UPDATE 8-Oil drops to lowest since Aramco attacks after Trump scolds China

Collin Eaton

* Trump criticizes China's trade practices, won't take 'bad deal'

* S&P 500 hits two-week low on Trump impeachment call

* Manufacturing activity shrinks in Europe, Japan

* U.S. crude inventories expected to have dropped last week -poll (Recasts with settlement prices, adds commentary)

HOUSTON, Sept 24 (Reuters) - Oil prices plunged more than 2% on Tuesday to their lowest since the Sept. 14 attacks on Saudi Arabia's key oil facilities, after U.S. President Donald Trump rekindled fears the Sino-American trade conflict that has crimped energy demand is far from over.

In a United Nations address, Trump accused China of unfair trade practices, including "massive" market barriers, currency manipulation and intellectual property theft, a few days after officials from the world's two largest oil-consuming economies held inconclusive trade talks in Washington.

"Hopefully we can reach an agreement that will be beneficial for both countries," Trump said. "As I have made very clear, I will not accept a bad deal."

Brent crude futures, the international standard, settled $1.67, or 2.6%, lower at $63.10 a barrel, while West Texas Intermediate futures ended at $57.29 a barrel, down $1.35, or 2.3%.

Trump "ratcheted up the U.S.-China trade war again," said John Kilduff, a partner at Again Capital LLC in New York. "It wasn't a constructive tone in trying to get that resolved, and we know how sensitive oil prices are to the back and forth."

The U.S. president's address left the oil market with the grim impression that "it's not a deal that's going to get done quickly," which could continue to hamper global oil demand growth, said Robert Yawger, director of energy futures at Mizuho in New York.

U.S. stocks fell, with the S&P 500 and the Nasdaq poised for the biggest declines in a month, as calls for impeachment of Trump gained momentum, while weak consumer confidence data added to worries over the prolonged Sino-U.S. trade war.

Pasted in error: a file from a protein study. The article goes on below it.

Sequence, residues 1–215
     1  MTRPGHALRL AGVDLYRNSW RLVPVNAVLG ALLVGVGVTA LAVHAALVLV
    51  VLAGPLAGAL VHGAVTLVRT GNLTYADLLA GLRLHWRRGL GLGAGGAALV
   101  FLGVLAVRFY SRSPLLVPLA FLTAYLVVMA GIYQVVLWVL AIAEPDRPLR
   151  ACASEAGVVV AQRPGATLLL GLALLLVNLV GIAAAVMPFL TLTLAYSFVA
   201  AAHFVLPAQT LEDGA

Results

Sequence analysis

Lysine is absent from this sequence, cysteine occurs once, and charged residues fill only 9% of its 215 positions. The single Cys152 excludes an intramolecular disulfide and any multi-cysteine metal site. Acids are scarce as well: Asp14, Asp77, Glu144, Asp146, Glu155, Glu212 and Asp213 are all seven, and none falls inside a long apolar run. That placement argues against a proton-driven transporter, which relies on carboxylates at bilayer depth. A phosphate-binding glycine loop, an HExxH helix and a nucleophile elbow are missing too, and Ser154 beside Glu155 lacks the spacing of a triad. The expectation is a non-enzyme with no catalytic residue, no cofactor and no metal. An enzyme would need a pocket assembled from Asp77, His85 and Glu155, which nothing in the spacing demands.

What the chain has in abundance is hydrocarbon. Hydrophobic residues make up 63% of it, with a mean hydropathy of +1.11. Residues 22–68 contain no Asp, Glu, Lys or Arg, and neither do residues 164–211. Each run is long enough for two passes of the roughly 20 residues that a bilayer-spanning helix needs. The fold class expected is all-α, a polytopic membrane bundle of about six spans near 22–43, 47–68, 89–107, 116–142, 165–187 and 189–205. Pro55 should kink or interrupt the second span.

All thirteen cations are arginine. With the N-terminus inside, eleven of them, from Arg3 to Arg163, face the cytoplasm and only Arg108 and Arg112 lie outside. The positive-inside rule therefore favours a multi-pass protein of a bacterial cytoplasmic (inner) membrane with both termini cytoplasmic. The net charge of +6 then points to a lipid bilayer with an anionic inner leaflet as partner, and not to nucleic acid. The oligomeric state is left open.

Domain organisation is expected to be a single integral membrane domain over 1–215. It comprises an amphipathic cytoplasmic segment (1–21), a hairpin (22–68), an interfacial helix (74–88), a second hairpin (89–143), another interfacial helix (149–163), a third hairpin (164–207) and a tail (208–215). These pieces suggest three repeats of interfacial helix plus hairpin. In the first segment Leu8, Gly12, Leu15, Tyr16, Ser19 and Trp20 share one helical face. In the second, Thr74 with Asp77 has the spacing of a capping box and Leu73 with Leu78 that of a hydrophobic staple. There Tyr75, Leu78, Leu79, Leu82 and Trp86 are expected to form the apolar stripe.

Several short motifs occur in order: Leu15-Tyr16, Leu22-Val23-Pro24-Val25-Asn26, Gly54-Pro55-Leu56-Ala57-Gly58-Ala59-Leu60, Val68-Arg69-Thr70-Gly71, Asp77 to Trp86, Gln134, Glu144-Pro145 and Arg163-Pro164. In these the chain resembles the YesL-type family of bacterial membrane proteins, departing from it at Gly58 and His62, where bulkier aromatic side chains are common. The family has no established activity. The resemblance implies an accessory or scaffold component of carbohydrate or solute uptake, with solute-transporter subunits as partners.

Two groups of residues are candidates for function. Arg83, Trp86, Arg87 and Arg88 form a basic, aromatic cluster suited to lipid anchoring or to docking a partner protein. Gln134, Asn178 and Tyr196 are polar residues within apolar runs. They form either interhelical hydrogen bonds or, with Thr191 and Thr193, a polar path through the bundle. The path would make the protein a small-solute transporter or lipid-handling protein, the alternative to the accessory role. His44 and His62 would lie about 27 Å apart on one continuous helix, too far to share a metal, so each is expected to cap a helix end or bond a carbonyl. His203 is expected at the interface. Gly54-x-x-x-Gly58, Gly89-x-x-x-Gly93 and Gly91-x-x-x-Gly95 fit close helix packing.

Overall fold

A private sector report showed U.S. consumer confidence fell by the most in nine months in September.

Sluggish economic data in leading European economies and Japan also weighed on crude prices, analysts said.

"We continue to see a constant revision downward for 2019 oil demand," with many forecasters predicting demand to grow around 1 million bpd or less, said Andy Lipow, president of Lipow Oil Associates in Houston.

"Given continued U.S. production growth and new production in Norway and Brazil, the market feels oversupplied, even though Saudi oil production has been impacted over the past 10 days," Lipow said.

However, a Reuters poll forecast U.S. crude stockpiles dropped last week after Tropical Storm Imelda disrupted energy operations on the U.S. Gulf Coast.

Weekly inventory data from the American Petroleum Institute, an industry group, will be released on Tuesday at 4:30 p.m. EDT (2030 GMT), followed by the government's report on Wednesday.

Some analysts also expect U.S. crude exports to increase over coming weeks after the attack on Saudi Arabia's largest oil-processing facility that halved output in the world's top oil exporter.

State oil company Saudi Aramco is buying oil originating in neighboring countries to meet its supply obligations to foreign refineries, sources familiar with the matter told Reuters. Its trading arm is arranging for crude from the United Arab Emirates and Kuwait to cover its commitments to certain buyers, the sources said.

European powers - Britain, Germany and France - backed the United States in blaming Iran for the Saudi attack, urging Tehran to agree to new talks with world powers on its nuclear and missile programs and regional security.

At the U.N. General Assembly, Trump denounced Iran, but said there is a path to peace, which somewhat eased the oil market's worries about geopolitical risks, analysts said.

"So far, it doesn't look like there will be a military response," said Phil Flynn, an analyst at Price Futures Group in Chicago. (Additional reporting by Ahmad Ghaddar in LONDON, Florence Tan in SINGAPORE; Editing by Marguerita Choy and David Evans)